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Rhyme Time

Calgary Public Library

Innovation Leader: Jean Ludlam, Manager, Services for Children, Teens and Families, Jean.Ludlam@calgarypubliclibrary.com

Problem Statement

Staff were delivering single Every Child Ready to Read programs to Best Beginnings groups. Best Beginnings is an Alberta Health Services program that provides perinatal care to at risk expectant and new mothers. Risk factors for these parents included low income, low literacy and English as a Second Language. As part of the Every Child program, staff emphasized the importance of early exposure to rich oral language through the regular use of rhymes and songs. During the program, staff taught a few rhymes and songs, however we received feedback that the mothers were interested in learning and practicing more so that they could incorporate these early literacy strategies into their regular routines.

Innovation

Staff developed Rhyme Time, a one hour program designed to teach rhymes and songs to expectant and new moms attending Best Beginnings programs. They made arrangements with Alberta Health Services to follow an Every Child Program with Rhyme Time. Drawing on our experience delivering Parent Child Mother Goose a trademarked oral tradition program, the teaching is delivered orally in an interactive circle with ample opportunity to practice each rhyme and song. Songs that can be sung in any language are used, with participants teaching each other the song in their mother tongue. Rhymes from many ethnic traditions are included, reflecting the diversity of the parents attending the program. Each song or rhyme is repeated several times to be sure that each participant knows it. Each program includes a snack and some social time for the program leaders and participants to chat with each other.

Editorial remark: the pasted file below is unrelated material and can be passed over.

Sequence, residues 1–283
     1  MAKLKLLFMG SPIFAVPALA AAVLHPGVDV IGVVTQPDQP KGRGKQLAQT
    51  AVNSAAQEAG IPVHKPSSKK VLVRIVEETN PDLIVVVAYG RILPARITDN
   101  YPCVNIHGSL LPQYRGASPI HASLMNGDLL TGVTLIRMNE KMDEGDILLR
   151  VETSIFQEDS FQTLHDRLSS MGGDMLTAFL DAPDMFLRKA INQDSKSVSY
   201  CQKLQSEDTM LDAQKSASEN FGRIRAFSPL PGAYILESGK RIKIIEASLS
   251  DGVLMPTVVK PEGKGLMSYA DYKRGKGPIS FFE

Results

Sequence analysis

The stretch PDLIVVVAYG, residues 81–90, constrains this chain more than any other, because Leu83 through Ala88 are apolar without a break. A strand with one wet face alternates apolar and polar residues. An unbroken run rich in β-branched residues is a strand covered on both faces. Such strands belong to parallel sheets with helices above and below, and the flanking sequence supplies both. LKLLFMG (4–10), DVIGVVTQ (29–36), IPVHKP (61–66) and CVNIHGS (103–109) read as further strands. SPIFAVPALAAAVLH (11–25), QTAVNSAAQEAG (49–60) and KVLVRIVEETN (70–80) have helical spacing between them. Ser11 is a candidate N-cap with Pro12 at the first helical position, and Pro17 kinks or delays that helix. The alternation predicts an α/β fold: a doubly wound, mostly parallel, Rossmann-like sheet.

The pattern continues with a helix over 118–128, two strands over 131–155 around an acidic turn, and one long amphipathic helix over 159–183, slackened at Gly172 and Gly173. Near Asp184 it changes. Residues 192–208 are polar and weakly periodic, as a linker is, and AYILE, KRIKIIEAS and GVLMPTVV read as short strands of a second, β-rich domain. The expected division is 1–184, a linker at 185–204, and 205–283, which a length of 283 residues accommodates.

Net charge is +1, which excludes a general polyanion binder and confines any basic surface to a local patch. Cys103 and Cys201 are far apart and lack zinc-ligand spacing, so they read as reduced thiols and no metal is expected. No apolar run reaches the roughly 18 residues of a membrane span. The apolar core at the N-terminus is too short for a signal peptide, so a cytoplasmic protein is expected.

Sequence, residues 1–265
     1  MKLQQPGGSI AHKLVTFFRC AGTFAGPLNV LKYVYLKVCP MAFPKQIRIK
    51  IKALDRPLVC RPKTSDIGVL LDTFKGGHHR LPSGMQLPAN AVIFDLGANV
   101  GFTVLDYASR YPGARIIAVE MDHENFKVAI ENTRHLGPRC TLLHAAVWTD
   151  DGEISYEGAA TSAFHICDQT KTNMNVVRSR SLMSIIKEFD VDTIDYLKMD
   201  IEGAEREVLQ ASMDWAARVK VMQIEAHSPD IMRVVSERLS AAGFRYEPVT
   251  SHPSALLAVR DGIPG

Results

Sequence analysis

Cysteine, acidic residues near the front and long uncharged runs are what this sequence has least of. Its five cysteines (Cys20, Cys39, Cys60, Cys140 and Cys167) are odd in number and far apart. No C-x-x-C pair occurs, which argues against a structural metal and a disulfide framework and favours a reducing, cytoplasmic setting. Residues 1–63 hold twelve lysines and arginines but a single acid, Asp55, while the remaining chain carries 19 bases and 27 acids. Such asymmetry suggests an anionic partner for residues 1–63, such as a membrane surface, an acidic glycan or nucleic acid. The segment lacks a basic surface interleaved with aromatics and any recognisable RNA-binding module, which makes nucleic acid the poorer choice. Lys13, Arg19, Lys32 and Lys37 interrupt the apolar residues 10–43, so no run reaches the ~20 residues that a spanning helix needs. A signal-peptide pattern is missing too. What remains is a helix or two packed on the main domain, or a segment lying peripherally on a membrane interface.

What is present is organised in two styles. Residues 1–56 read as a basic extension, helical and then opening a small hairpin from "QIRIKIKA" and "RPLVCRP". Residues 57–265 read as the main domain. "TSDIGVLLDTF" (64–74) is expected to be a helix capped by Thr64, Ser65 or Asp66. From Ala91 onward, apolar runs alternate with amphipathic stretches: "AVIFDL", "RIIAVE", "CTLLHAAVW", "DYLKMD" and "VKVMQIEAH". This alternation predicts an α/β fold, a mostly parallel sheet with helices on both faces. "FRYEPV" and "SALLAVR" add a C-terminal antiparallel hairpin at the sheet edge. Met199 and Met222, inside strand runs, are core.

Staff take a range of library resources for participants to borrow at the end of the program. Free library cards are given to participants to encourage them to use the library after the program. Staff also use the opportunity to promote library programs for young children and their parents.

At the end of the program, handouts with the words to the rhymes and songs are distributed.

Progress

Since August 2009, the Library has delivered 10 presentations to 187 participants. Response from participants indicate that they feel more confident using the rhymes and are using them more regularly with their children.